The people at the meeting made some suggestions for changes. Their input along with suggestions from the other three meetings being held will be incorporated into a draft plan that will be presented at the next series of meetings.

Monday, April 9, 2012

casonline

While walking through a building at Saint Joseph's College a few weeks ago, I noticed a flyer on a bulletin board about an observatory near Lowell, Indiana. It was something I had never heard of before, so I checked it out on the Internet.

The Calumet Astronomical Society has been in existence since 1975, but only recently--in 2005--did they build an observatory, the Thomas Conway Observatory, southeast of Lowell, near the Buckley Homestead Park. The society claims to be the most active astronomy organization in the Chicago area.

Their website has pictures of the observatory and a long explanation of how it came to be. The telescope is a 16-inch reflector. Nearby is another telescope, the NIRo or Northwest Indiana Robotic observatory, run by Purdue University Calumet that was dedicated in August, 2010. It is a 20-inch reflector that cost a quarter of a million dollars. It captures the image with a camera and transmits it to Purdue-Calumet.

Did you know that this facility was nearby?

(I need a picture. How about the one that is shown in this article? It is taken with a much bigger telescope than what is available near Lowell.)

Thursday, April 5, 2012

A few park notes

Yesterday there were lots of kids at Brookside Park. Six busloads of KV students stopped by for lunch and a little play time.
The park employees have been working to get the park facilities ready for the summer season. They have been doing a lot of painting.
The bathhouse at Brookside park not only will have a new color on the exterior, but the interior has been repainted as well. It also has new electrical wiring.

The city electrical department has run an electrical line from the JC Cruiser shelter to the veterans monument on Bunkum road in the newest part of Weston Cemetery. The little area in which Memorial Day ceremonies are performed will soon have some lights.

Wednesday, April 4, 2012

Finishing up

The exterior brick facing on the new elementary school should be finished this week. This morning workers were putting bricks on the last bit of exposed wall.

Tuesday, April 3, 2012

Stop by Willow Switch

Willow Switch is ready for Easter.
It seems to be such a pleasant place to have a cup of coffee with friends. Alas, I do not like coffee--I never developed a taste for it.

However, I do enjoy some of the signs that they have.
I stopped by this morning to give the owner a few copies of the final maze book that I will do for a while, a book that is very different from the other maze books I have done. It was the result of a suggestion from my daughter, who told me that my grandson would really enjoy a maze book about trains or dinosaurs. Initially I did not think I could do such a book, but by taking a very different approach than I was used to, I found a way to do it. Read more here and here.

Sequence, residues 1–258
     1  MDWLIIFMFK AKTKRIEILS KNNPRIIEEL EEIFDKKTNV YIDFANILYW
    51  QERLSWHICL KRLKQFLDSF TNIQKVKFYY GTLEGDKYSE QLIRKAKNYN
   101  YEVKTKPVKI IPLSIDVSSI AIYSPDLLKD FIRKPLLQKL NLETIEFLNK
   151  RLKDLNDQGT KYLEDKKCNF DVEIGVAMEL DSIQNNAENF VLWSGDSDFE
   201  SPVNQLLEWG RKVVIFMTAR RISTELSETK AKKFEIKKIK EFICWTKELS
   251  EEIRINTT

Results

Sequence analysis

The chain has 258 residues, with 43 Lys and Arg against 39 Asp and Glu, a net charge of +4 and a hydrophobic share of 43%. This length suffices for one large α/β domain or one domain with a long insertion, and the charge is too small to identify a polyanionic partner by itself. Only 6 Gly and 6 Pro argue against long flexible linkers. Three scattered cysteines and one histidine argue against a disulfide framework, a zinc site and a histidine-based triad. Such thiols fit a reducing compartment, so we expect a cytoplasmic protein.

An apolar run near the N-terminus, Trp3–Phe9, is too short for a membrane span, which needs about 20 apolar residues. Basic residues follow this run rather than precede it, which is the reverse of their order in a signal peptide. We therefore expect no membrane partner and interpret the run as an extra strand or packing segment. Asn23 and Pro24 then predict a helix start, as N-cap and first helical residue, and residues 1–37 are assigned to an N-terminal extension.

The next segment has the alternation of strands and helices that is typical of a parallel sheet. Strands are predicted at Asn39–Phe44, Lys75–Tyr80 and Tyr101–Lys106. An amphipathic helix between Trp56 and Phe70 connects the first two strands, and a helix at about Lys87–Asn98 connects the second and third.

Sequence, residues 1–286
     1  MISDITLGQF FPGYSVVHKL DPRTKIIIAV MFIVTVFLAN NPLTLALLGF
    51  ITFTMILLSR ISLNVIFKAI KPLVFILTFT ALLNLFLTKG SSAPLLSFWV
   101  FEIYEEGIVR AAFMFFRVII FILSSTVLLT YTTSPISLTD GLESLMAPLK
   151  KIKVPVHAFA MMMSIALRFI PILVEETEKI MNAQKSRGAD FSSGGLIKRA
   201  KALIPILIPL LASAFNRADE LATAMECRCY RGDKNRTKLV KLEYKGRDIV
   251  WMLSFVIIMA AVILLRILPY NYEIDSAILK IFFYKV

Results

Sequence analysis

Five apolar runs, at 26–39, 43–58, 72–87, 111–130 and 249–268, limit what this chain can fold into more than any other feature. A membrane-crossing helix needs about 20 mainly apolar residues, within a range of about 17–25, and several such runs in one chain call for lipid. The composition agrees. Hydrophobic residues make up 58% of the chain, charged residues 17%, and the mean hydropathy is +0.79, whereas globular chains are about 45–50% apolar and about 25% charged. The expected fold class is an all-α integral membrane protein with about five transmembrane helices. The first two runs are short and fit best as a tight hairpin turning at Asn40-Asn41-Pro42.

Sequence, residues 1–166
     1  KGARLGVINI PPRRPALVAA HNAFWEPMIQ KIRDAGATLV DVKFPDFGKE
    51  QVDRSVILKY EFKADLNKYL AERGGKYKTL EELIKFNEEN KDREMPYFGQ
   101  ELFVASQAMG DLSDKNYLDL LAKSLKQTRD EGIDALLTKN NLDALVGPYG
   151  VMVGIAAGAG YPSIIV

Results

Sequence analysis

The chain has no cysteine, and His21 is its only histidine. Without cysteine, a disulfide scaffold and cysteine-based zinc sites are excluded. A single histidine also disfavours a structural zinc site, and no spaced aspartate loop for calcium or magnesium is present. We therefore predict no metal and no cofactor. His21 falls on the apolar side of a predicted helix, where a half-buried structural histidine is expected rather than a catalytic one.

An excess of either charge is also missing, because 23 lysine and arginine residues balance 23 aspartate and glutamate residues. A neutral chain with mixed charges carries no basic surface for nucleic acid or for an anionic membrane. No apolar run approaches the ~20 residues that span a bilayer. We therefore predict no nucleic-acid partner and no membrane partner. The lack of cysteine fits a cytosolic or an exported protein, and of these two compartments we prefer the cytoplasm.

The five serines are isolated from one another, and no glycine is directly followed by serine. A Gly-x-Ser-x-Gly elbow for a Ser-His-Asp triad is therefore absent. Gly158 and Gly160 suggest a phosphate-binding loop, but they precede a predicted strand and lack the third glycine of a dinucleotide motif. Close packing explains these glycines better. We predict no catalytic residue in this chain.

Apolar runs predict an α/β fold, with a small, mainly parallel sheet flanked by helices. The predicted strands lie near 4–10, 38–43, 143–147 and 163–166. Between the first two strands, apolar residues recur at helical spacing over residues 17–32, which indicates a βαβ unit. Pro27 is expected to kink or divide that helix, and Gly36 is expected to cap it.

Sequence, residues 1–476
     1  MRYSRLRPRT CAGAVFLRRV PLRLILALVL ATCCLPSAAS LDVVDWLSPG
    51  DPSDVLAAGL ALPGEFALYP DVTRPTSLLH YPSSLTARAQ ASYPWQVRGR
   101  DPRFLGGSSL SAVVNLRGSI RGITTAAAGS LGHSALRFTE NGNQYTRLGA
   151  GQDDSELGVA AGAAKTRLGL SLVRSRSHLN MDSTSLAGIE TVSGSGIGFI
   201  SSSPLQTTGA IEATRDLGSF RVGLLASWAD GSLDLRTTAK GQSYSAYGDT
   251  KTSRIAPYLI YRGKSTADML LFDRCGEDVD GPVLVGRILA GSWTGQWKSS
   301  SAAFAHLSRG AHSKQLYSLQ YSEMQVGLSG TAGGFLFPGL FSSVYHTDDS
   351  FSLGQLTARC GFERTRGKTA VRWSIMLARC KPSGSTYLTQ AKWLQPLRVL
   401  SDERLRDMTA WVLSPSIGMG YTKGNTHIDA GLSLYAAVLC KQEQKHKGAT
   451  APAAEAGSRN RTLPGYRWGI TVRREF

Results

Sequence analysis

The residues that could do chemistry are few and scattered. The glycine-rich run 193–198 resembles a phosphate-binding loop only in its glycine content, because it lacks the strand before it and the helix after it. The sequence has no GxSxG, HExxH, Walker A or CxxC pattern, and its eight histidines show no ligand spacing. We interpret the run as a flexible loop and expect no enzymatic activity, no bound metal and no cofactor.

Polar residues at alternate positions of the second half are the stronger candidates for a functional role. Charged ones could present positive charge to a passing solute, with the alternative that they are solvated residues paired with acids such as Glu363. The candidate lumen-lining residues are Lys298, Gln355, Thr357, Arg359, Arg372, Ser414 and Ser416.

Sunday, April 1, 2012

Band concert

The Spring Band Concert at Saint Joseph's College today had an interesting selection of music. The larger Symphonic Band played selections based on music from Pixar movies, Saving Private Ryan, and the on-line game World of Warcraft. The Wind Ensemble played music that came from the the music collection that Saint Joseph's College owns. Two of the pieces came from the Adam P. Lesinsky Library and one from the Bohumir Kyrl Music Library.

Who were these guys? Lesinsky was director of the Saint Joseph' College Bands from 1957 until 1968. Earlier in his career he played in John Phillip Sousa's Band as a cornetist, and he was active in the high school music scene as head of the National School Orchestra Association. He did some composing and arranging, and if you search his name on Amazon, you can find some that are still in publication (along with some books of his that are no longer in print.) When he retired, he left his music library of over 1000 pieces to the college.

Bohumir Kyrl is easier to find on the Internet--he has a rather lengthy Wikipedia entry. Born in what is now the Czech Republic in 1875, he not only was a talented musician and band director, but was also an artist who worked on the Soldiers' and Sailors' Monument in Indianapolis. His connection to Saint Joseph's College seems to be through Adam Lesinsky, who was his student. He not only donated his music library, but also donated 15 or 16 paintings, one of which was stolen. It was identified as by the important Renaissance artist Bernini, but I recall being told that it was later determined to be "School of Bernini" and not nearly as valuable as originally thought. Saint Joe's does not seem to have kept track of what happened to these 15 paintings--were they sold, how many are still at the college, etc.

The Jazz Band did not play at the concert--they will be the pit band for the Spring Musical in less than two weeks.